The first phase of my adult life was the period of the Cold War, when the whole world was divided into that red and blue side of the map with the Iron Curtain separating it all. We had such clear rules as to how we would behave, clear rules that come with primary colors like red and blue. And it defined everything we did, it defined how we related with respect to trade and economic policy and monetary policy and travel and cultural exchanges and religion. Everything else was defined by the primary colors of the red and blue sides of the map. And then it all kind of came unstuck on us.

And it came unstuck on me particularly on a day when I was in Moscow with Secretary of State George Shultz, a great friend and great American. And we went to see Gorbachev, which was 1988 at the height of the period of glasnost and perestroika and we were trying to understand this all. And Mr. Shultz and I went to see President Gorbachev.

This was just before the summit in 1988, where Ronald Reagan was going to the "Evil Empire" for the first time. And George and I were there clearing the way for the hater of the Evil Empire to come visit the Evil Empire. (Laughter.)

And so Mr. Shultz and I were in the Hall of St. Catherine, a place known to many of you, and we were sitting across the table from Gorbachev and he was mad. He had just been attacked again by the Russian press and the Russian apparatchiks for moving toward the West so aggressively; and he was also being attacked by the western press and by the Republican Party for not moving fast enough. So he was frustrated by all of this. And he was pounding away at us and shouting across the table at us, "What's wrong with you?" "Why don't you give me more cooperation, so I can show that there is change coming about." "It's going to be revolutionary and you attack me rather than supporting me at every opportunity."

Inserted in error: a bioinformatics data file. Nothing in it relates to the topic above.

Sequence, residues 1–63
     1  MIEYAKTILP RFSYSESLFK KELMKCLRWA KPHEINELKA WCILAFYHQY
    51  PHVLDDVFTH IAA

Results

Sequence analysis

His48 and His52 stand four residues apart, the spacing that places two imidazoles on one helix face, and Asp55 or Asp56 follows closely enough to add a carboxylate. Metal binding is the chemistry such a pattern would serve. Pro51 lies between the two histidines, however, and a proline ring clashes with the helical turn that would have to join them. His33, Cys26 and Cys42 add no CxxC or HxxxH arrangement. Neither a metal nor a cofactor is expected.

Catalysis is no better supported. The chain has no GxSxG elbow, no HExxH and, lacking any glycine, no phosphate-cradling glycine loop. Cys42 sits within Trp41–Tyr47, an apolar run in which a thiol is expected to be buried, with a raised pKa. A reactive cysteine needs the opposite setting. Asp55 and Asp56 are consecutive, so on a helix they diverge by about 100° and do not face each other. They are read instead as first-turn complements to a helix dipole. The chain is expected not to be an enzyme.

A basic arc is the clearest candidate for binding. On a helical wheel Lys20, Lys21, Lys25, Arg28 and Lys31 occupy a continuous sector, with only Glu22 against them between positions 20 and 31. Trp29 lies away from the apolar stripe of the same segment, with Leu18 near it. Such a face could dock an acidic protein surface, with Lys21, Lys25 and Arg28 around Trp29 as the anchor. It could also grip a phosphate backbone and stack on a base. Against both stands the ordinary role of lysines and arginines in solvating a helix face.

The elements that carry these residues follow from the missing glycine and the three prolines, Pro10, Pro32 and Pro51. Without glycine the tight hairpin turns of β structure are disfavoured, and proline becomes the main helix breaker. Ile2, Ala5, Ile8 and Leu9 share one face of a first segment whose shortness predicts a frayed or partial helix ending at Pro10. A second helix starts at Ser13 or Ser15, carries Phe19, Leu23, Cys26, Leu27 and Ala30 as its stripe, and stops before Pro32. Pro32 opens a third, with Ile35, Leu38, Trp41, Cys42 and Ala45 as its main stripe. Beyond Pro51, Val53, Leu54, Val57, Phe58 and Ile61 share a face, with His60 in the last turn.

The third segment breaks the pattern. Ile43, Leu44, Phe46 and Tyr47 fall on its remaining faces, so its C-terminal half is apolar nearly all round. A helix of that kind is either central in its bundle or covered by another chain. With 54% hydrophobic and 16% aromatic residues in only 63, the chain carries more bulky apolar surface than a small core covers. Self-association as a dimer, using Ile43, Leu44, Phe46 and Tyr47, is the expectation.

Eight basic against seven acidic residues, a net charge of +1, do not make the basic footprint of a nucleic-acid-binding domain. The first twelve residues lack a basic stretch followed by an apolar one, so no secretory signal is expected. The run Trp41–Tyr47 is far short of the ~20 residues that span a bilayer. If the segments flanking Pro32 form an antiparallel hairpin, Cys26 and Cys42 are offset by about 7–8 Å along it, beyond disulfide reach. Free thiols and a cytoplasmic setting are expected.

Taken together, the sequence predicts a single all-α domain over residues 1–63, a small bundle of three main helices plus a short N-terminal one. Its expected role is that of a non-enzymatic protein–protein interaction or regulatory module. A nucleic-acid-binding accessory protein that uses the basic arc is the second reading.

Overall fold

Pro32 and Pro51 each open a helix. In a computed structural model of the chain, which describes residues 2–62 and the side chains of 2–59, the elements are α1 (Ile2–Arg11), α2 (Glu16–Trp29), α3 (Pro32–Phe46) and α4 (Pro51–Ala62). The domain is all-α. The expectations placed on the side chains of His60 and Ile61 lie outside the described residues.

And he looked at that passive face that George Shultz had, that most of you know so well. (Laughter.) George, he just sat there with that Dutchman look on his face, staring right back.

And then after he had tried to make that point to George that, "I'm telling you, the Cold War is over. I'm ending it, don't you understand?" And then he looked at me to get my reaction. And this old soldier was just looking back. (Laughter.) I ain't buying this. And then finally, Gorbachev looked to me and thought a little bit and I can almost see him to this day, sort of looking upward and reflecting on who this national security advisor was who was also a general, not a diplomat, not a politician, not a foreign policy expert, but a general. Ah hah, I know how to talk to him.

And he looked back down and he turned to me again and he leaned forward and a smile came on his face and he said, "Ah hah, General, I'm very, very sorry. You'll have to find a new enemy." (Laughter and applause.)

And I thought to myself, I don't want to. (Laughter.) I like this enemy very, very much. (Laughter.) We've got six percent of the gross national product, I've got 3 million people working for me, everything's nice, we understand it, you've got your place, I've got my place, they've got a great army along the intra-German border. Just because you're having a bad year, I don't want to change. (Laughter.)